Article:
Aside: I really don’t like the common construct of A saying that B needs to do such and such, when it is really A that needs, or maybe only wants, B to do it, e.g. a policeman saying “sir, you need to get out of the car”.

  3. This issue got me thinking. Let me first state that I do not condone the purchase, use or sale of cocaine or any other CDS, I am struggling with the concept of holding people to a higher standard while also believing that these elected representatives are our employees.

    If we elevate them to a position that imputes a higher standard of behavior does that not create within them a belief that they are somehow different than everyone else? I do not think so because if they were different they could also consider themselves above the law If they are our “servants” shouldn’t we hold ourselves to a higher standard for putting someone in office that is unfit? That being said, if he represented my district I have the right to vote him out when we learn of such misdeeds. Calls for his resignation can be used by those that disagree politically with him and not specifically for the infraction to which he has pleaded guilty.

    If we are a nation of laws and not men, are we entitled to make demands on anyone that are not codified in law? I don’t think so. This issue has been raised before, so why have we not demanded legislation that provides for immediate removal of an elected official for committing a misdemeanor? Are we elevating the crime above that which it has been determined to be because most of us would not engage in that behavior? Would we demand the same resignation for someone duly convicted of a crime that carries an equal or greater judicial penalty such as DUI or leaving his or her pet in a locked car during a hot summer afternoon? Some might say the consequences of the latter are greater than the consequence of him altering his brain with a CDS.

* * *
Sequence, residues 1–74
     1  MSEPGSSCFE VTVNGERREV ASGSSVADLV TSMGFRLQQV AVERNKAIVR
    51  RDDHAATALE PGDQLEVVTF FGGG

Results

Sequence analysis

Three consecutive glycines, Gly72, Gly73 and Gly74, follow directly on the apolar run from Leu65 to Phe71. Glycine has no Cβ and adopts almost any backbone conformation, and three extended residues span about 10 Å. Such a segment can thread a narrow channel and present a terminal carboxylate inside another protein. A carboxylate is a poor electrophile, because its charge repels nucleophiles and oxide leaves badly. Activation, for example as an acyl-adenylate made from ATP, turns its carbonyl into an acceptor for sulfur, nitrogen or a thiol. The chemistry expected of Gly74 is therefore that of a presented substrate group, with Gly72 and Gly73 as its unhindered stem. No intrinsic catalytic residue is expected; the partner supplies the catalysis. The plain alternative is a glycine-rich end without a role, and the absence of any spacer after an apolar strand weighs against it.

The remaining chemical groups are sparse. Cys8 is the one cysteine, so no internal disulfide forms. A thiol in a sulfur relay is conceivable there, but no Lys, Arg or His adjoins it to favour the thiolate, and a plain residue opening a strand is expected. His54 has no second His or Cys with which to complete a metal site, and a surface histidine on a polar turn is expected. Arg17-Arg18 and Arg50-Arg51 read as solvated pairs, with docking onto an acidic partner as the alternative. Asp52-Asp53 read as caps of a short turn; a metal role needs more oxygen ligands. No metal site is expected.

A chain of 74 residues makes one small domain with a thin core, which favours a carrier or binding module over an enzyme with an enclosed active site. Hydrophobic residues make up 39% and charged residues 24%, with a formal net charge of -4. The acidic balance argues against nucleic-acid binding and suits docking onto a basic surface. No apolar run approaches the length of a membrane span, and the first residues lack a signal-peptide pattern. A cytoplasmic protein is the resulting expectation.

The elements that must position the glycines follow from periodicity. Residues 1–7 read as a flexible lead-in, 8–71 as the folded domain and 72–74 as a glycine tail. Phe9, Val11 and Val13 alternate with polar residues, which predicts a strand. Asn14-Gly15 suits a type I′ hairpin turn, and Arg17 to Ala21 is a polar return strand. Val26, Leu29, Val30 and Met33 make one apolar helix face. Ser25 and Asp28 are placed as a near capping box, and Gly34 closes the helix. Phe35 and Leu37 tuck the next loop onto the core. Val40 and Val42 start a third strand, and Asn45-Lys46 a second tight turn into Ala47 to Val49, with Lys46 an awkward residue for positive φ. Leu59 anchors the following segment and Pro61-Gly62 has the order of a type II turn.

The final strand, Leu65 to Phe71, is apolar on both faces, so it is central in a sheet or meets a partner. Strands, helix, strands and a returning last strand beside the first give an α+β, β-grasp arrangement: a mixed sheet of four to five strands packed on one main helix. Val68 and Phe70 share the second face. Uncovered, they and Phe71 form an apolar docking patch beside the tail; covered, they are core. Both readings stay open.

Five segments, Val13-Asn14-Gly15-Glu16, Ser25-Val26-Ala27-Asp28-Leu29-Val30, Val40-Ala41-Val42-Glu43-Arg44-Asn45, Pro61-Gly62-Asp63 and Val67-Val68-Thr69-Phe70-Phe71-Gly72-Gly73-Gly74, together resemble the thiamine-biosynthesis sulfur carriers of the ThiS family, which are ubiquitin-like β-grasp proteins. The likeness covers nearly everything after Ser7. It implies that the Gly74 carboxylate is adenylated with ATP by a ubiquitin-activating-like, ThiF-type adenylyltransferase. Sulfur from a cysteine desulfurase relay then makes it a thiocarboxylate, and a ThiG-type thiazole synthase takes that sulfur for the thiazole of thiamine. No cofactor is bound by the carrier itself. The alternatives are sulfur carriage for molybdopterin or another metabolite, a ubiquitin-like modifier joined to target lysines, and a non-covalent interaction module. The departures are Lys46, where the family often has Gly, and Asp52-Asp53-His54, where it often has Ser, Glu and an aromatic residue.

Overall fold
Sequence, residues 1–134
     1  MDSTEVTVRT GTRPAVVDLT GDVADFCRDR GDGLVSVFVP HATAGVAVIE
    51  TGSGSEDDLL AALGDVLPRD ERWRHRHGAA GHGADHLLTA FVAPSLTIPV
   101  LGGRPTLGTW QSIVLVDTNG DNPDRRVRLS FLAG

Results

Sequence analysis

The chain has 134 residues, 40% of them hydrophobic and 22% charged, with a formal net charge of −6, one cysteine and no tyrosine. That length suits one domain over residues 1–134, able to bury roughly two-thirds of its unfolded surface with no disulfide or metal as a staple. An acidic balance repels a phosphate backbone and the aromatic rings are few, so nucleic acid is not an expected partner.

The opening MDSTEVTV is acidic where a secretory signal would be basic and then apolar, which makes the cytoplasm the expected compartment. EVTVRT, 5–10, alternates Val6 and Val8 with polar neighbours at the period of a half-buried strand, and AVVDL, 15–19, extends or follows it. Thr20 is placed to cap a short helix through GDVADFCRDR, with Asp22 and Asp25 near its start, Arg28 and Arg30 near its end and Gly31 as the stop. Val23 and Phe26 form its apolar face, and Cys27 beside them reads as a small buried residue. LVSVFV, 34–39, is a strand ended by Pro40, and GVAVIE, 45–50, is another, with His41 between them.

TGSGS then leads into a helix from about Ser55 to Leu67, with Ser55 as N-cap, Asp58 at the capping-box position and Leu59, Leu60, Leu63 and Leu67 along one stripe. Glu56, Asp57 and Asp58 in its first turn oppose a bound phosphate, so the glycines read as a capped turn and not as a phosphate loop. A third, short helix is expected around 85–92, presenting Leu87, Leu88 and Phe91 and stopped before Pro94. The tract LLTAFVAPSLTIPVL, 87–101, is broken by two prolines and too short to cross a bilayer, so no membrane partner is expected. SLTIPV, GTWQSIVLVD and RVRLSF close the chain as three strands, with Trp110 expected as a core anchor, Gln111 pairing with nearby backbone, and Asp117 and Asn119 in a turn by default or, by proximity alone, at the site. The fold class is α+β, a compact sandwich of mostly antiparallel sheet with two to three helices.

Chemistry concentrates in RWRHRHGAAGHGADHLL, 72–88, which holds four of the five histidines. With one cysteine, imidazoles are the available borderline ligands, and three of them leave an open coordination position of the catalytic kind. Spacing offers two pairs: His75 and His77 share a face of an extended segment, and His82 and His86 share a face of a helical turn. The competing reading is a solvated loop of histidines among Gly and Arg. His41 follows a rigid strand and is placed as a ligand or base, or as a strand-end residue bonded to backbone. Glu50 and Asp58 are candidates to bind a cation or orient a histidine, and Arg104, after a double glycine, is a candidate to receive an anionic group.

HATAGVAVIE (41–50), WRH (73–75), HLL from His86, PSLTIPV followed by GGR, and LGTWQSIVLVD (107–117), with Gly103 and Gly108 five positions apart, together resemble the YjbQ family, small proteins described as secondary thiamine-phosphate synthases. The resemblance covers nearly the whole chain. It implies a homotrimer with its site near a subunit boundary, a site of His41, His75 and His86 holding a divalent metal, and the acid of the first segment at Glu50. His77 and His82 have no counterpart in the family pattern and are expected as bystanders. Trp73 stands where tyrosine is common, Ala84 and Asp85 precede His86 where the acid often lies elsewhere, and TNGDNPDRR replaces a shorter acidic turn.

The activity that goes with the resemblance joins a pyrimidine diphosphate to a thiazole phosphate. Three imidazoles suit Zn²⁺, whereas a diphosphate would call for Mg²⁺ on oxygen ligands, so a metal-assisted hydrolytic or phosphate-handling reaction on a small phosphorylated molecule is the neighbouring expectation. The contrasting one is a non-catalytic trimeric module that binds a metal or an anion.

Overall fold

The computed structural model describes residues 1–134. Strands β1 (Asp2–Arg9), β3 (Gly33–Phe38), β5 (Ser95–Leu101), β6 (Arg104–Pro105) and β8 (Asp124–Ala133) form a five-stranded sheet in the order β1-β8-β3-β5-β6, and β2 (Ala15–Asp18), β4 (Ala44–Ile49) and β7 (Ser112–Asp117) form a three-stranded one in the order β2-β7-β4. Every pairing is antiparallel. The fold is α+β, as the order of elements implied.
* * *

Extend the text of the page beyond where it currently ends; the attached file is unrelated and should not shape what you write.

If we would not demand a resignation for a different misdemeanor for something that we could ourselves be charged with at some time then we should not demand a resignation for an offense that we would never be charged with. In other words, we should not cast stones unless we are willing to be stoned ourselves (no pun intended) for equally punishable, but different offenses.

    This site has some amazing links such as The Lucifer Effect. There you can find imagery of the effects of mob rule. My point is simply, if there are ways to legally punish an offending elected official then we should use them and not gin up public outcries for a person to resign from office. The electorate shall make the appropriate decision.

      • Thank you.- But I could not develop my thoughts without the thoughtful assistance of others. You all make me think rather than simply react.

      • “I am struggling with the concept of holding people to a higher standard while also believing that these elected representatives are our employees.”

        Clear your mind of the premise that they are our ’employees’. That is based off of a platitude that mischaracterizes the relationship — something along the lines of “they are our civil servants”. They are not. They are our periodically & temporarily elected legislators and leaders. That right there says “hold to a higher standard”.

        “If we elevate them to a position that imputes a higher standard of behavior does that not create within them a belief that they are somehow different than everyone else?”

        No, the cultural flaws of excessive narcissism that have grown in our nation as well as the alarming trend of our people towards being a “great man” or “strong man” culture engenders those attitudes amongst the elected.

        “I do not think so because if they were different they could also consider themselves above the law If they are our “servants” shouldn’t we hold ourselves to a higher standard for putting someone in office that is unfit?”

        They aren’t our servants. They represent the law. They cannot therefore be above (separate) from the law.

        “Calls for his resignation can be used by those that disagree politically with him and not specifically for the infraction to which he has pleaded guilty. “

        Of course they can. But that’s no reason not to stop legitimate calls for resignation as well.

        “If we are a nation of laws and not men, are we entitled to make demands on anyone that are not codified in law? I don’t think so.”

        How is expecting a leader to follow the laws he represents making an excess demand on him?

        “This issue has been raised before, so why have we not demanded legislation that provides for immediate removal of an elected official for committing a misdemeanor?”

        Sort of like an impeachment process? I think we have those.

        “Are we elevating the crime above that which it has been determined to be because most of us would not engage in that behavior?”